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The closest I can come to explaining what 1948 means to me, and how it affected the path I took in life and the choices I made, is to tell about growing up in Qalqiliya, on the frontline with Israel.
When the dust of 1948 settled, Qalqiliya itself had not been occupied, falling in what came to be called the West Bank. But it had lost more than 90 percent of its agricultural lands, its main source of livelihood, which were now farmed by the Jewish colonies across the railroad tracks that had once linked Turkey, Syria, Palestine, and Egypt and which now formed the border with the newly created State of Israel. The war had also transformed Qalqiliya into a main station for refugees fleeing the massacres and the fighting in Kfar Saba, Abu Kishk, Miska, Byar Adas, Al-Shaykh Muwannes, and Al-Tireh, who increased the town’s population by half. It is difficult, after the passage of fifty years, to sort out my own memories from those of my family, neighbors, friends, and school mates, from the collective memory of my hometown and the collective nostalgia for its lands and fields. But it seems to me that, of the battles for the defense of the town, I have vague memories of the young men organizing night and day guard shifts, and of the Iraqi Army camp and the Palestinian formations near town. I also remember the throngs of refugees in the Qalqilya Mosque next door to our house. The Girls’ School and the Boys’ School were also turned into refugee centers, and there was chaos everywhere as the town didn’t have the means to absorb such a huge influx. Some of the refugees settled in our town and live there to this day, while others moved inward to other towns or on to exile, due to the difficulty of making a living and the scarcity of water resources. So our town, which had been self-sufficient and relatively comfortable, became destitute virtually overnight, cut off from its livelihood of orchards and farmlands on the coastal plain, cattle- breeding and trade with al-Tireh, al-Taybeh, Jaffa, Tel Aviv, Lydda, and Ramla. The conditions of the original townspeople abruptly deteriorated to abject poverty, such that there wasn’t much difference between them and the refugees. Hunger spread, and if it hadn’t been for the huge quantities of dates provided by the Iraqi government, many would have died. I remember that we children used to gather the date pits and sell them to bakeries–a full basket for one piastre. We were also set to gathering firewood and dry vegetable stems for cooking fuel, and grasses and wild herbs for the rabbits and sheep.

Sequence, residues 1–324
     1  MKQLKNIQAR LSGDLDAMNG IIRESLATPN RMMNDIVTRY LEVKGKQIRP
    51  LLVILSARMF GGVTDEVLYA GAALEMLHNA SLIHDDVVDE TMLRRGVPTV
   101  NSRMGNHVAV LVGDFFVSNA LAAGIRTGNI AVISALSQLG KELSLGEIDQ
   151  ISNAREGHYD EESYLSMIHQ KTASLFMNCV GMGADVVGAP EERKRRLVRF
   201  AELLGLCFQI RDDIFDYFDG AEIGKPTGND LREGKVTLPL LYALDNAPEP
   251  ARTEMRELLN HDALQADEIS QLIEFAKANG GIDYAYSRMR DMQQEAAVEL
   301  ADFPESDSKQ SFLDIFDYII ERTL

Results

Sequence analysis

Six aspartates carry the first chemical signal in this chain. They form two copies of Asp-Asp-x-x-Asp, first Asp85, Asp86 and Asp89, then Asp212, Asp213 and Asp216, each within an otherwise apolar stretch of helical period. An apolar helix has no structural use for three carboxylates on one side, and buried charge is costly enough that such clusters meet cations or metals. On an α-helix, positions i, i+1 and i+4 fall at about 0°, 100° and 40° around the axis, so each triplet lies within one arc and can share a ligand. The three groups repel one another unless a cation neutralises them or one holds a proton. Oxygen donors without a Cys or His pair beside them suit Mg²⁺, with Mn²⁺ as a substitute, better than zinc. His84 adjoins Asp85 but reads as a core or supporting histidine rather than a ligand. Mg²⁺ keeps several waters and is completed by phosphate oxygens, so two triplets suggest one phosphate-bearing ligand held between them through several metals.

The dire situation of Qalqiliya’s inhabitants was taken into consideration after UNRWA was set up in 1950, and kurut muan(welfare cards) were distributed along with emergency and fixed rations to everyone, except that the rations for Qalqiliya’s original citizens were only half as much as those given to the refugees. I will always remember the number of my family’s welfare card: 58610405. That same year, the United Nations established a hospital on premises that the Iraqi Army had used as an emergency center and opened schools for refugee children that function to this day. So Qalqiliya became dependent on international aid as its main source of livelihood and provisions for the people. I still remember the long queues in the mornings for the distribution of milk for children, and the little skirmishes that sometimes broke out when provisions were distributed.
A National Guard was set up in Qalqilya, and many of the young men joined, their main job being to keep watch on the Israeli border day and night from the trenches dug on the outskirts of town. We children used to amuse ourselves running back and forth between their positions, and some of the guards would send us on errands to bring them things they needed from their homes or to buy cigarettes or matches they had run out of. We also used to compete in seeing who was boldest in sneaking into the old orchards, and placing rocks or pouring motor oil or pump grease on the railway tracks, hoping the Jewish train would skid on them. But the train kept on moving back and forth relentlessly, every day, blowing its shrill whistle each time it neared our town.